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Few components brought out eminent mean values: "Patients feel better when their health-care providers understand their feelings" (mean = 5.93, SD = 1.17), whereas component, "I believe that empathy is an important factor in patients' treatment" brought out a mean value of 5.27 (SD = 1.31). Results of all the components are fully elaborated in [Table 2].
| Discussion|| |
The aim of the contemporary study was to define the properties of JSE-HPS, as well as to measure the empathy among students of dental colleges in Sri Ganganagar, Rajasthan, India. The present study reported that postgraduate students had statistically lower empathy score as compared to all other years of students. This difference may be due to the fact that during the initiation of the dental course, students believe in idealism, i.e., sharing the feeling of the patients but with the progression of the dental course these feelings vanish, i.e., idealism gives way to the realization (means to get through the various level of dental degree meritoriously, requisite is to acquire enormous dimensions of facts). Hence, significant perspectives such as sharing the thoughts and feelings of the patients are put aside and emphasis swings on facts-based examinations. The mean empathy score of the present study ranges from 103 to 117 which is similar with the other studies among dental  and medical students, ,,,, while in contrary, other studies , reported 78-90 mean empathy score.
While analyzing the empathy among male and female in the present study, females showed higher empathy level than males which is similar with the other studies, ,,, but this was against the studies done by Rose et al. and Babar et al.  This might be due to the fact that women's brains probably show more empathy than men's brains. When females were probed to recognize other human's feeling, female's brain action showed that they themselves feel the same sentiments as well while in contrary male's brain action showed noetic assessment - a more objective position.  In the present study, it was found that empathy score differs by age while the same was not reported by Babar et al.
Subscale-1, 2, and 3 are parallel with the studies described previously. ,, As empathy is an essential component of maintaining healthy rapport between the dentist and patient,  thus amending empathy is the vital chore of health training. 
Recently, Bonvicini et al.  conducted a study regarding communication skills exercise to find whether it will result in rise of the empathy level or not. The conclusion of the study was that communication skill exercise led to increase in empathy among the students. The present study showed that empathy levels were dropping with the progression of dental course. Therefore, the need is to introduce exercise regarding empathy among dental students at the initiation of and during their dental course. However, there is an argument regarding the introduction of training in empathy as Newton et al.  doubts whether student's empathy will rise during their graduation course. The author proposes to introduce administrative modifications which motivate students scholastically and sensitively during their dental course. This will result in interprofessional education, growth of team effort principle, as well as alterations in judgment method.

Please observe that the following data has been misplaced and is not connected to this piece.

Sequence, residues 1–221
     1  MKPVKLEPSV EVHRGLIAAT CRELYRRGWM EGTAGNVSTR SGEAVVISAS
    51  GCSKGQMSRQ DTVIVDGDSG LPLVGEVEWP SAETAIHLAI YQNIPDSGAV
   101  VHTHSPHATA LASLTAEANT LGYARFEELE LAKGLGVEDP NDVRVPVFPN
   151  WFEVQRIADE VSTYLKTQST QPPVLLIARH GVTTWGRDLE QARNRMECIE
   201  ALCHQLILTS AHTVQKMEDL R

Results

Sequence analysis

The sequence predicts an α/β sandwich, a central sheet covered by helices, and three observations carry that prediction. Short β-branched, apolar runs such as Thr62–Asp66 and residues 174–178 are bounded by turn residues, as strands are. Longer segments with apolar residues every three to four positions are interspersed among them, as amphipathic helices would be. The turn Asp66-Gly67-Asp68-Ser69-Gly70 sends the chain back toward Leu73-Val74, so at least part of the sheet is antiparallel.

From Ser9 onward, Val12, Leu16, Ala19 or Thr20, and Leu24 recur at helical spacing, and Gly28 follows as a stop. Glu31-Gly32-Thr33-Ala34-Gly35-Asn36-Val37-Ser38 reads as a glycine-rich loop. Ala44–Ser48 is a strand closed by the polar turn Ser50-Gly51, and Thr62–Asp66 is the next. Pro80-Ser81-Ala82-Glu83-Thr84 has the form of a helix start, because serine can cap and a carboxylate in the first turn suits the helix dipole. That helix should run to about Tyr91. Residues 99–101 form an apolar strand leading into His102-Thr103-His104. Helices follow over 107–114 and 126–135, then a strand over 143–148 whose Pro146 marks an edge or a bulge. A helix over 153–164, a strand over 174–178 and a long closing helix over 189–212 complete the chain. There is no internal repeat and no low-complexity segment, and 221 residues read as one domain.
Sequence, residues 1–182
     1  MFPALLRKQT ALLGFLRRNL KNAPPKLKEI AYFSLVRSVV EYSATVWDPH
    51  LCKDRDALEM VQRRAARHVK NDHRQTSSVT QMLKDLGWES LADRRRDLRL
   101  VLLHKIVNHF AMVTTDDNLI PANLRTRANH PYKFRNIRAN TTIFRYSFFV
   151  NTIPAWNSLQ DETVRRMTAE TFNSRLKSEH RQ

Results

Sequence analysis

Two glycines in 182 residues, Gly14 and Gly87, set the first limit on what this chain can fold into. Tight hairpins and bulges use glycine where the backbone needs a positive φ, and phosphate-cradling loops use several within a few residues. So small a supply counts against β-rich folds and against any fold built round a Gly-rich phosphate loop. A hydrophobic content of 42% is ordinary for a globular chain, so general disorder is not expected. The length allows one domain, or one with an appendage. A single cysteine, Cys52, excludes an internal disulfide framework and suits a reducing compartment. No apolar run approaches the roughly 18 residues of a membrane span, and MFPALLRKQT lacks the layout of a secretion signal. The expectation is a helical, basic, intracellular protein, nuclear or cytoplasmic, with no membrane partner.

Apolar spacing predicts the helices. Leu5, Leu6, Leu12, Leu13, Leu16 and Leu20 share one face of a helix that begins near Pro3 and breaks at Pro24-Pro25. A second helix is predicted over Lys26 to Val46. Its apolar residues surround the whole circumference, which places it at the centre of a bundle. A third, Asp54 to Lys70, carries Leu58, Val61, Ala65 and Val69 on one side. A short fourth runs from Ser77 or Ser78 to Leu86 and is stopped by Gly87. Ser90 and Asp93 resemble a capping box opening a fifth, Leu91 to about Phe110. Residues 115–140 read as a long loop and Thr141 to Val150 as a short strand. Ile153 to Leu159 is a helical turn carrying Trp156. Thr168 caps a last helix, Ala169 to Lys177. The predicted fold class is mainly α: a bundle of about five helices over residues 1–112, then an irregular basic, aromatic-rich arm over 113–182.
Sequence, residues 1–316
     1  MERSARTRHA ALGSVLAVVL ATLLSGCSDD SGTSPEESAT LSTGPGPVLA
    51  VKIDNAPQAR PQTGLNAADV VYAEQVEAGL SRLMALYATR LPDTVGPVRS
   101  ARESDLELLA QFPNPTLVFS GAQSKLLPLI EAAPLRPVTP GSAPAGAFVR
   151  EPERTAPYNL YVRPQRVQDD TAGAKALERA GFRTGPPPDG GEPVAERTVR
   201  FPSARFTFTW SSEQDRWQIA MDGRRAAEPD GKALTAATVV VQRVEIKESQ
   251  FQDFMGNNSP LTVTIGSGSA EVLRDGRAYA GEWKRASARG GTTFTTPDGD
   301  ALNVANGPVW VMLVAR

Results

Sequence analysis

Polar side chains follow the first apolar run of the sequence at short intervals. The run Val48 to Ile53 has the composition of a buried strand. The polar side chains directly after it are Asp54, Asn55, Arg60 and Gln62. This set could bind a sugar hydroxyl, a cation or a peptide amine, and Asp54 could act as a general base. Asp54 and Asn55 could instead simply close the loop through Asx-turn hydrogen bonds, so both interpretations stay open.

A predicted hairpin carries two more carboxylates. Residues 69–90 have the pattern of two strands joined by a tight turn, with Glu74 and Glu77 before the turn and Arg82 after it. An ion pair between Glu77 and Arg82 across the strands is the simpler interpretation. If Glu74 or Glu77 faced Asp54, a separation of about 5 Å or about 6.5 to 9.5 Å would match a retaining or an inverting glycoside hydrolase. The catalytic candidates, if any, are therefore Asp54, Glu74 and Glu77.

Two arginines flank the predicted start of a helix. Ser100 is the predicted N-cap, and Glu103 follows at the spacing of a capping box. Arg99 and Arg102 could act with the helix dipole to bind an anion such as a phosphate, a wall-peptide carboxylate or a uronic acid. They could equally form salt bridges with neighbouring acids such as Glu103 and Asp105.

The author has taken a maximum sample for the present study. Hence, results of the present study can be implemented among other dental institutions also. The limitation of the present study is that valuation of empathy was constructed on subjective evaluation of a validated questionnaire; therefore, observational approaches such as the history-taking rating scale could be used with JSE-HPS to measure empathy level in dental students. Cross-sectional studies make it impossible to understand the process of changes in empathy level through the years of dental course.
| Conclusion|| |
The present study showed year-wise fall in empathy among dental students. Dental health educators should consider this fall in empathy seriously as early as possible during the dental course. Empathy-related teaching exercises must be implemented among the dental students to endorse the growth of empathy so that fall in empathy should be prevented. More longitudinal research is required to investigate the outcome of communication exercise in cultivating empathy among dental students.
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Conflicts of interest
The authors of this manuscript declare that they have no conflicts of interest, real or perceived, financial or nonfinancial in this article.
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[Table 1], [Table 2]